I came across a comment on Portland Transit that got me thinking. Written by a self-described opponent of density in the city, the author claimed that such opposition did not imply they were right-wingers. As evidence, they pointed to the overwhelming popularity of the Democratic Party in neighborhoods which had also taken strong stands against density. I think the answer to that is a well-worn disclaimer: Past experience may not be indicative of future results.
Corey Robin described conservatism as,
… a deliberate, conscious effort to preserve or recall "those forms of experience which can no longer be had in an authentic way." Conservatism "becomes conscious and reflective when other ways of life and thought appear on the scene, against which it is compelled to take up arms in the ideological struggle." Where the traditionalist can take objects of desire for granted- he can enjoy them as if they are at hand because they are at hand- the conservative cannot. He seeks to enjoy them precisely as they are being- or have been- taken away. If he hopes to enjoy them again, he must contest their divestment in the public realm… As soon as those objects enter the medium of political speech, they cease to be items of lived experience and become incidents of an ideology. They get wrapped in a narrative of loss- in which the revolutionary or reformist plays a necessary part- and presented in a program of recovery. What was tacit becomes articulate, what was fluid becomes formal, what was practice becomes polemic.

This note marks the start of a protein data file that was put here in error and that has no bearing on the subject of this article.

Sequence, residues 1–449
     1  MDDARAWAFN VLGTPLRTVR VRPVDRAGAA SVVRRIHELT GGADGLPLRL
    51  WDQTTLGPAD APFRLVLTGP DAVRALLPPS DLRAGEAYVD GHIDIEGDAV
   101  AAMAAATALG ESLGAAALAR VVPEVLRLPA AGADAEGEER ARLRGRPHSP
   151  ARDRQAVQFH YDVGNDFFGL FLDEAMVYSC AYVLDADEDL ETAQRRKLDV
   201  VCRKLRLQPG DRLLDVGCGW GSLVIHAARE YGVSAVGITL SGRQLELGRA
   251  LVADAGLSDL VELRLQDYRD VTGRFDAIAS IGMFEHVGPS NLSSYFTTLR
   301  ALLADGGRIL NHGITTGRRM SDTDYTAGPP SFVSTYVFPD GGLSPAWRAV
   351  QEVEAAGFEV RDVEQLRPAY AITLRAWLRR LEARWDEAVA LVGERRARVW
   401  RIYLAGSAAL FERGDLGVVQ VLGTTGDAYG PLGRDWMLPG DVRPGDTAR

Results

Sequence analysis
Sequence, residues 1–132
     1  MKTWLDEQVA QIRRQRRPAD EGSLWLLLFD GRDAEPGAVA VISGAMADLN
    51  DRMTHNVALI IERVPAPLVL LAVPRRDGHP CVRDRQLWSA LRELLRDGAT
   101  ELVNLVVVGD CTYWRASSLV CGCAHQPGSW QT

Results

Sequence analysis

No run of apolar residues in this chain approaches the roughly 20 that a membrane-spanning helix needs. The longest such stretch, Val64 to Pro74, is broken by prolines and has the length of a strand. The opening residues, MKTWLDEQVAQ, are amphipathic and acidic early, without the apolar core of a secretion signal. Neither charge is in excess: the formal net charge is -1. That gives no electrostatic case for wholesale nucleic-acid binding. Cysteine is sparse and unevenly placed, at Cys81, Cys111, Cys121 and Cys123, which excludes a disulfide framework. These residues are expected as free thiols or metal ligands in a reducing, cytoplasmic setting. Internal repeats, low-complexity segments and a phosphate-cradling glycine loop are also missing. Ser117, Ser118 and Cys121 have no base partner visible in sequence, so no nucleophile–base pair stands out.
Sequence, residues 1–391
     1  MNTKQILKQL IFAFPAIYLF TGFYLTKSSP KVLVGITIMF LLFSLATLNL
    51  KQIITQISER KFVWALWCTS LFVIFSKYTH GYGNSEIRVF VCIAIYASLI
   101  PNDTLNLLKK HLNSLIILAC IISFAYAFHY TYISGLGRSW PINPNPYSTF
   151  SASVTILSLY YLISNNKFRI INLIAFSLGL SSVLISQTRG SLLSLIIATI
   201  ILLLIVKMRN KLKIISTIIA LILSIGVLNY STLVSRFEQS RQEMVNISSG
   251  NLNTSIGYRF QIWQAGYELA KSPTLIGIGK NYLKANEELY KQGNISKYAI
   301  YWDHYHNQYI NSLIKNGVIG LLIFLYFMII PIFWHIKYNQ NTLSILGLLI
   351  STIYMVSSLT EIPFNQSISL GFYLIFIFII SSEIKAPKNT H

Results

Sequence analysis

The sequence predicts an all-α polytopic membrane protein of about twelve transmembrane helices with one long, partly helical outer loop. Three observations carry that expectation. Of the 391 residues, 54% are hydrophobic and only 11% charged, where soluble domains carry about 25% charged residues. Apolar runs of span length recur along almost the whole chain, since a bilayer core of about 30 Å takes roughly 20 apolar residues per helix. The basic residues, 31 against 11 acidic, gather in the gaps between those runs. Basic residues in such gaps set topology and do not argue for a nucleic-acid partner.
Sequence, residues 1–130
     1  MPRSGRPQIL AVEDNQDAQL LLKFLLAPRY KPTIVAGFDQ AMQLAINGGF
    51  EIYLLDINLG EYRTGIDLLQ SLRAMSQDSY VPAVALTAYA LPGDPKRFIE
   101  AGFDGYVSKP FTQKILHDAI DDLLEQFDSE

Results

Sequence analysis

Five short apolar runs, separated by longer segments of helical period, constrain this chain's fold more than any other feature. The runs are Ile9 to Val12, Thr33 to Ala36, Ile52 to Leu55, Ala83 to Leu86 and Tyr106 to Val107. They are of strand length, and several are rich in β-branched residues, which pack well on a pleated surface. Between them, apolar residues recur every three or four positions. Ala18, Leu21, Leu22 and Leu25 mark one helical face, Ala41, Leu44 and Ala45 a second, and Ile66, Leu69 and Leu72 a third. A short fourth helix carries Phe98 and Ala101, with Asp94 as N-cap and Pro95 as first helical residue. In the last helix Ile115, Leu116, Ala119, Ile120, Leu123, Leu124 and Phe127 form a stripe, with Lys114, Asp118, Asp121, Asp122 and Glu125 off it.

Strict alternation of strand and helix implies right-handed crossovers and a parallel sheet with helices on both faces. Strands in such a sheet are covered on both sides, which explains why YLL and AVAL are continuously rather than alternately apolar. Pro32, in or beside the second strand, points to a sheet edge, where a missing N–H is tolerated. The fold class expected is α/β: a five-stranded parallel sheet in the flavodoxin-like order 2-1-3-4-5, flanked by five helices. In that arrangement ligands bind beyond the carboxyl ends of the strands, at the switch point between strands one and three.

Movements to erect barriers to ethnic and economic diversity in Portland (parking requirements), and to make living in and maintaining the past a condition of residency (neighborhood preservation districts), embody the essence of conservatism. They are fear of the new, fear of strangers, and fear of change writ large. If Portlanders embrace such causes I think a political shift to reflect conservative values is inevitable.
To pick on the most vivid example, Amanda Fritz cannot continue demanding a housing density of 20 units per acre in urban growth boundary expansion areas where infrastructure and amenities are by definition non-existent, while at the same time fighting to preserve a density of less than 7 units per acre across most of inner east Portland. Either she changes her tune or she destroys her credibility so much that functionally she says nothing at all. Likewise if you think it is impossible to live without a car and therefore parking is necessary for a basic quality of life, why fund public transit at all? A more effective use of public resources would be to ensure that everyone simply had a car.
One way or another, our political actions will align with our political values. Our "talk" and our "walk" can't go in different directions indefinitely.